18. My tip is to look things up yourself. Get the dictionary out or go to a legitimate dictionary site online & you will find (today's example) that Jan's advice on "entitle" is wrong. Say "My books are entitled" NOT "My books is titled."

  19. Don't keep saying 'said'. There are so many alternatives you can use that will make your writing much more interesting.

  20. If you're having trouble getting into the head of a character , or if you're generally having a 'bad writing day' go to the mall and walk around pretending you are your main character. What stores would he or she browse in? What would be on her shopping list? What stores would he avoid? What kind of coffe drink would he buy at Starbucks? If you do this intentionally, it should help you get into your character's head.

  21. my best tip is a quote from Mark Twain. Yes, THE Mark Twain. "Write'damn' every time you're inclined to say 'very'. Your editor will eliminate it and your writing will be just as it should be. Jean

  22. Terrific post with great advice.
    Margot Justes

  23. I have found it helpful to study movies to see what I can learn from them that might be adapted to my writing. This has helped especially to keep me focused on showing rather than telling.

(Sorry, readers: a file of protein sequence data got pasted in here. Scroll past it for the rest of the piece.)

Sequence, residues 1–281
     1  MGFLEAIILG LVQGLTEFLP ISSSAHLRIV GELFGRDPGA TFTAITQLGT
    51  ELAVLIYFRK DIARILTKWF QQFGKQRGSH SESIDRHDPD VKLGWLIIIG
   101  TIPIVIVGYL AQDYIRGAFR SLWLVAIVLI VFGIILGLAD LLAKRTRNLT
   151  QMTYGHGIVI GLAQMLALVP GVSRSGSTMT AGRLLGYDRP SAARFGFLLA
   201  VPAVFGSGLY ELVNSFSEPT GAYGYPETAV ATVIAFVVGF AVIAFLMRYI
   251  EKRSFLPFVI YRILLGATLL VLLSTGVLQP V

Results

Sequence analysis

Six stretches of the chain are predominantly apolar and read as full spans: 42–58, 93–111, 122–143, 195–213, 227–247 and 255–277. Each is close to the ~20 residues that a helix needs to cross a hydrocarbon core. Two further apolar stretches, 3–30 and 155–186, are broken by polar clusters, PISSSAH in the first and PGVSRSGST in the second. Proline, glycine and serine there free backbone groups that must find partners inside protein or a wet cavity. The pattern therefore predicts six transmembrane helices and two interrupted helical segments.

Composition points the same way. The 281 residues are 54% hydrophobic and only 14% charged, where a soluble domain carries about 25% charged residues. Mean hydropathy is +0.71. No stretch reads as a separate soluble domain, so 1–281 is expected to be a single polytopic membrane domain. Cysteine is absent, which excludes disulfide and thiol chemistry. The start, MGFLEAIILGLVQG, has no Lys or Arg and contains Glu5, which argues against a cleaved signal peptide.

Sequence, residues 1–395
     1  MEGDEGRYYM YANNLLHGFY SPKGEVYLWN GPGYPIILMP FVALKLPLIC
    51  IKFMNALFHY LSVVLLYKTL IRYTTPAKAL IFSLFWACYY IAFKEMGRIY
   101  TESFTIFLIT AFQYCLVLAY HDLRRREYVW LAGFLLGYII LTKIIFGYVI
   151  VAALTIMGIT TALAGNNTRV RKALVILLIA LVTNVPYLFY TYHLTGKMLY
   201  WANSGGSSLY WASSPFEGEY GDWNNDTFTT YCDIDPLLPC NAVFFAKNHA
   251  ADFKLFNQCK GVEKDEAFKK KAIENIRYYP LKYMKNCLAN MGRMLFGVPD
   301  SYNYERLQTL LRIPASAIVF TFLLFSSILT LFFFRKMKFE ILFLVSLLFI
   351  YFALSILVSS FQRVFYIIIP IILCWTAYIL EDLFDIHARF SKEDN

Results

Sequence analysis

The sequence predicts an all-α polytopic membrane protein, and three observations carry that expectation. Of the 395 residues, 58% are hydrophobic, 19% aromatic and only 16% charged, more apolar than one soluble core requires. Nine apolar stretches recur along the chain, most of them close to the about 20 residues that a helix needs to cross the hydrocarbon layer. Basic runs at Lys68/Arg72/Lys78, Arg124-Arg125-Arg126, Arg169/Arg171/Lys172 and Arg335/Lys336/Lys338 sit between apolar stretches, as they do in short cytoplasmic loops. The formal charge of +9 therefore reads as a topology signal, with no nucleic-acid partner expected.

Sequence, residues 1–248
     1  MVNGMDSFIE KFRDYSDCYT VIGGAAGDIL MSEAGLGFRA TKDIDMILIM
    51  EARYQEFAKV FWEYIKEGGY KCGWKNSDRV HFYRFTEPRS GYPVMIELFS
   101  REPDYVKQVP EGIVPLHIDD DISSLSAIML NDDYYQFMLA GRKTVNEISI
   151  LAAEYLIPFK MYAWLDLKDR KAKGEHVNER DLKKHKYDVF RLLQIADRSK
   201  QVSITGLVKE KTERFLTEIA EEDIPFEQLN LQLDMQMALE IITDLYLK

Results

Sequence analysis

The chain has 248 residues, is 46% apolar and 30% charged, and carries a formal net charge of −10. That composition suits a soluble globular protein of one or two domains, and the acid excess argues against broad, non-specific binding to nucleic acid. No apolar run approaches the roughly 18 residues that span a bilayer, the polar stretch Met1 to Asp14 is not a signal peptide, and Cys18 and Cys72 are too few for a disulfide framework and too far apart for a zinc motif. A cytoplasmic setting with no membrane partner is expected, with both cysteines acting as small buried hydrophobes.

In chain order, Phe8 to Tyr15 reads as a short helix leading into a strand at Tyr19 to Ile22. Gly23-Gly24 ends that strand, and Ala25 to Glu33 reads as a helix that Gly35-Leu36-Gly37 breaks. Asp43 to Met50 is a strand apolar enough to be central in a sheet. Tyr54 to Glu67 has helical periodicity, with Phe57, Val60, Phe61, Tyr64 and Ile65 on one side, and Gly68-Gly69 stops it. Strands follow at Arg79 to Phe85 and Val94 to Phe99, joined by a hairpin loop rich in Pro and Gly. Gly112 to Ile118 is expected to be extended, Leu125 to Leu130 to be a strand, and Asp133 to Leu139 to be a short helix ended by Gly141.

My latest novel is Loving Rose, from The Wild Rose Press. My website is
    Thanks, Morgan, for this topic and the opportunity to share information.

  24. In addition to what the Daring Novelist said, you can try backing up to the last "fork in the road" type plot point and a) make it worse, or b) raise the stakes.

  25. We actually have a post here at the BRP about titled vs. entitled by LJ Sellers, a former blogger. We bump it up during December anthology month. I just recently corrected this in a blog post here... indeed, it it one of the most common mistakes writers make, even professional ones. I saw it just this past week in a Salon article! Watch for it - you'll see just how common the misuse.

  26. And ongoing research indicates there is a shift in thinking on entitled vs. titled:

    Language is nothing, if not changing.